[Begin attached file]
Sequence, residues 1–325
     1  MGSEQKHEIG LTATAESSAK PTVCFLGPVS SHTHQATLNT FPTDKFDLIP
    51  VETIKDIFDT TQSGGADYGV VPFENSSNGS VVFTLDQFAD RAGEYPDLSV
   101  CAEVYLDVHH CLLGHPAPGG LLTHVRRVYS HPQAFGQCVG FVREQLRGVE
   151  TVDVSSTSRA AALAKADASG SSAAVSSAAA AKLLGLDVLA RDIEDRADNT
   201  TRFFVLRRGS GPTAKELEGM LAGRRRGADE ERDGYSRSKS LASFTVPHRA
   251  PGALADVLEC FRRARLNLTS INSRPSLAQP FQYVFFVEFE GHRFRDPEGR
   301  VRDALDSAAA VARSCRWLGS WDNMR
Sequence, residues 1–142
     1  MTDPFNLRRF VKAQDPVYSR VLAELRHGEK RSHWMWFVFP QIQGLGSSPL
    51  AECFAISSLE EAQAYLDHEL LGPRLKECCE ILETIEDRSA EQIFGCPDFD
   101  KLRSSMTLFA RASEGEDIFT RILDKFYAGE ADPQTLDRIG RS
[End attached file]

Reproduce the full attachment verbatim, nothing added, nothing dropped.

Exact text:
Sequence, residues 1–325
     1  MGSEQKHEIG LTATAESSAK PTVCFLGPVS SHTHQATLNT FPTDKFDLIP
    51  VETIKDIFDT TQSGGADYGV VPFENSSNGS VVFTLDQFAD RAGEYPDLSV
   101  CAEVYLDVHH CLLGHPAPGG LLTHVRRVYS HPQAFGQCVG FVREQLRGVE
   151  TVDVSSTSRA AALAKADASG SSAAVSSAAA AKLLGLDVLA RDIEDRADNT
   201  TRFFVLRRGS GPTAKELEGM LAGRRRGADE ERDGYSRSKS LASFTVPHRA
   251  PGALADVLEC FRRARLNLTS INSRPSLAQP FQYVFFVEFE GHRFRDPEGR
   301  VRDALDSAAA VARSCRWLGS WDNMR
Sequence, residues 1–142
     1  MTDPFNLRRF VKAQDPVYSR VLAELRHGEK RSHWMWFVFP QIQGLGSSPL
    51  AECFAISSLE EAQAYLDHEL LGPRLKECCE ILETIEDRSA EQIFGCPDFD
   101  KLRSSMTLFA RASEGEDIFT RILDKFYAGE ADPQTLDRIG RS